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Could Prenatal Ultrasounds Contribute To Cases Of Autism?

New research suggests that concerns about a possible relationship between autism and environmental exposures may be well founded.
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A conversation with Health Science Consultant, Nancy Evans:

I have known Health Science Consultant, Nancy Evans for several years through our mutual interest in women's health. Nancy is best known for her work on environmental connections to breast cancer, including the documentary film "Rachel's Daughters: Searching for the Causes of Breast Cancer." When we talked recently, she spoke passionately about her work on possible risk factors for autism. New research suggests that her concerns about environmental exposures may be well founded.

The term "autism" encompasses a group of developmental disorders characterized by an inability to communicate verbally and non-verbally with others, abnormal social behaviors, repetitive body movements, unusual attachments to objects and unusual distress when routines are changed. Within the population of children affected with autism, symptoms can range from mild to moderate to severe. Therefore, the collective term autism spectrum disorders (ASD) is often used -- particularly among the research community.

So many of us have had personal experience or have had family and friends whose child was diagnosed with this developmental disorder. Autism can be very confusing and frustrating.

What causes Autism?

Experts agree that there likely is no single cause of autism but rather a number of interacting factors that interfere with normal brain development, beginning around the time of conception and continuing throughout early childhood. Genetic factors undoubtedly contribute to the disorder but two new studies suggest that environmental factors may be equally or more important than genes. In the first study, researchers at Stanford (Hallmayer, et al) compared the incidence of autism in fraternal and identical twins and found that shared environment seemed to explain between 55 percent and 58 percent of autism cases. Genetic heritability seemed to explain only 37 percent of autism cases. Twin studies are the gold standard for studying effects of environmental exposures because twins' genetic makeup is identical (in the case of identical twins) and very similar (in fraternal twins).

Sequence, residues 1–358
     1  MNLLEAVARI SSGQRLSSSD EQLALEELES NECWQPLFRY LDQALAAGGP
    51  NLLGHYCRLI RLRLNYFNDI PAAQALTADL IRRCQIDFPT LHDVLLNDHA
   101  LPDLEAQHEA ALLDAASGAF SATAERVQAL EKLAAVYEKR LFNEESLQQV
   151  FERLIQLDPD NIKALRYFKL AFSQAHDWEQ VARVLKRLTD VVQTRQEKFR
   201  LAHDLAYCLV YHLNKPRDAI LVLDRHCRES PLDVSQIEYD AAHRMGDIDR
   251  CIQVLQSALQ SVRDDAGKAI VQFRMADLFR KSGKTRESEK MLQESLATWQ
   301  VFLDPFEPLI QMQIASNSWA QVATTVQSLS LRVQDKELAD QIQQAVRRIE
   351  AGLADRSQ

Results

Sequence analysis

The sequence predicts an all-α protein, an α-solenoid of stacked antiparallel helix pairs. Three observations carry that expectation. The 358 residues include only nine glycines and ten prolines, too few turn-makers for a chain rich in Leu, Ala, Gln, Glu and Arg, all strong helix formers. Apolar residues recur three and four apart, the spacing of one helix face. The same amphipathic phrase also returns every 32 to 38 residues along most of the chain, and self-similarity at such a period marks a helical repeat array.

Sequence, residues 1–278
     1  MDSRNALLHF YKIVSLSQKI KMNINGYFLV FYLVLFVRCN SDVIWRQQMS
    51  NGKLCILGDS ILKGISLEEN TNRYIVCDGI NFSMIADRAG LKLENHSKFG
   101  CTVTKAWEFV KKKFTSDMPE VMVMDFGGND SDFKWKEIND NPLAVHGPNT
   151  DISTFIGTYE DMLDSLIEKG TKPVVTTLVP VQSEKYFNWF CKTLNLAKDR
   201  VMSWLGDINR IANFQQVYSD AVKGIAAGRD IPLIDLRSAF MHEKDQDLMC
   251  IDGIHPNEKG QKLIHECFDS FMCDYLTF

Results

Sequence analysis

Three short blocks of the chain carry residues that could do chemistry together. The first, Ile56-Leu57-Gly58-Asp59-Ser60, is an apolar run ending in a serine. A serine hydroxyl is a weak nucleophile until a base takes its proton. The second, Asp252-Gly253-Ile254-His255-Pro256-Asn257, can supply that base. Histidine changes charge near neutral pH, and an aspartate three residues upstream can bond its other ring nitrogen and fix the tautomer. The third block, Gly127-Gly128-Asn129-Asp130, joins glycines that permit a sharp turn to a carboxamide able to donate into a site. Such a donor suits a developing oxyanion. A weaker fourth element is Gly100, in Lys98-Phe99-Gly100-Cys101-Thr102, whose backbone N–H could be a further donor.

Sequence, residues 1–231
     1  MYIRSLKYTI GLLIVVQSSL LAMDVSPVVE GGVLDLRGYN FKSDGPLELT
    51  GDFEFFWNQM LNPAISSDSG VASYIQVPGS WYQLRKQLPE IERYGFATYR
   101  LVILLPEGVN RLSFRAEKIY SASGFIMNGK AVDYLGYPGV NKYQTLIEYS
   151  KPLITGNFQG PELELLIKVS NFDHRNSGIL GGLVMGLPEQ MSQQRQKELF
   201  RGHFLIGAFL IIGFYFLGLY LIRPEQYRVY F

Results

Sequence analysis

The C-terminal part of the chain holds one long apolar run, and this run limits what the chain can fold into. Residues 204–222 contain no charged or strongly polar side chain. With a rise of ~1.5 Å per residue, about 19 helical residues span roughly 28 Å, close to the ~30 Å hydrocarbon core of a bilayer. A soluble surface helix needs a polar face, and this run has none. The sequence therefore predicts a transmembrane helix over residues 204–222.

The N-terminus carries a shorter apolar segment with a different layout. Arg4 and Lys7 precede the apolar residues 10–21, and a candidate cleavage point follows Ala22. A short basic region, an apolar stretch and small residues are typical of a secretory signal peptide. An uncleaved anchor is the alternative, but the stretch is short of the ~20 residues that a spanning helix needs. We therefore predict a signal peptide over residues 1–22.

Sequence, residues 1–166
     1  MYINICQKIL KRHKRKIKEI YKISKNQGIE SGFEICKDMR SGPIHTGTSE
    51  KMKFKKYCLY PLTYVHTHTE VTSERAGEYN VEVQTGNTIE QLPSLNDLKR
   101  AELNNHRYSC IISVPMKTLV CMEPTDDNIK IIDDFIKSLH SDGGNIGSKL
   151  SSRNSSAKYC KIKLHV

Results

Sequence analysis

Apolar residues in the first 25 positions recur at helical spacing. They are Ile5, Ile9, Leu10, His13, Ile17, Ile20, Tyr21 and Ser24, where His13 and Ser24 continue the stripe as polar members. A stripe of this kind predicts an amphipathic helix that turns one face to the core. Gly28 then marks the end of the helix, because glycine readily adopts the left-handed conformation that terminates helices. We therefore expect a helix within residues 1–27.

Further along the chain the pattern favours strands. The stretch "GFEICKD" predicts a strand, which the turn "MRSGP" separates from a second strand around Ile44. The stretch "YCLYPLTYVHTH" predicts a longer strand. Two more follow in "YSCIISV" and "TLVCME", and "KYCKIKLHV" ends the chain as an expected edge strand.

In the second study, Croen and colleagues reported that antidepressant use during pregnancy was associated with a "modest" increase in the risk of autism spectrum disorders. Researchers cautioned that this one study did not prove an association between antidepressant use and autism and that more studies are needed. These new studies lend support to another expert's comment about environmental connections to autism, "... there are many factors: Chemical factors, nutritional factors, microbiological factors, physical factors like radiation and ultrasound ... I think multiple factors contribute, not just across the population, but within any one individual." (Hertz-Picciotto, 2011)

Have you a personal connection to this issue? Why are you drawn to this subject?

I have a broad-ranging interest in the connection between environmental exposures and health that evolved from my work in breast cancer. When we hear the term "environmental exposures," we think first of chemicals -- agricultural and industrial chemicals. We all bear the burden of hundreds of toxic chemicals that have invaded our bodies, sometimes before we were born. However, we also need to be aware of physical factors such as radiation and ultrasound. For the purposes of this interview, let's take a closer look at the possible connection between autism and prenatal ultrasound.

I do have a personal connection to this issue. When I heard Dr. Hertz-Picciotto mention ultrasound as a possible contributor to autism, I had just received an email from a happily pregnant young friend who reported on her most recent prenatal appointment and attached a sonogram of her developing baby. Her ecstatic comment sent chills down my spine: "Our visit was awesome! We got to watch Ryan [not his real name] for almost two hours!" While not an expert on ultrasound, I thought two hours sounded like a really long exposure -- and it is.

Ultrasound exposures longer than ten minutes can cause heating, which is clearly not good for a developing fetus, if the reason for the exposure is more vanity than medical. International guidelines suggest that exposures be as low as reasonably achievable (ALARA) to detect any problems with development. More than an hour is considered excessive. The more I learned about current prenatal ultrasound practice, the more concerned I became.

Autism was once a rare diagnosis -- How common is it now?

Today it is increasingly common, affecting one in 110 U.S. children -- one in 70 U.S. boys. And according to the Centers for Disease Control and Prevention (CDC), autism is only one of a group of developmental disabilities that is increasing in U.S. children (Boyle, et al, 2011).

Why do you think there might be a link between ultrasound and autism?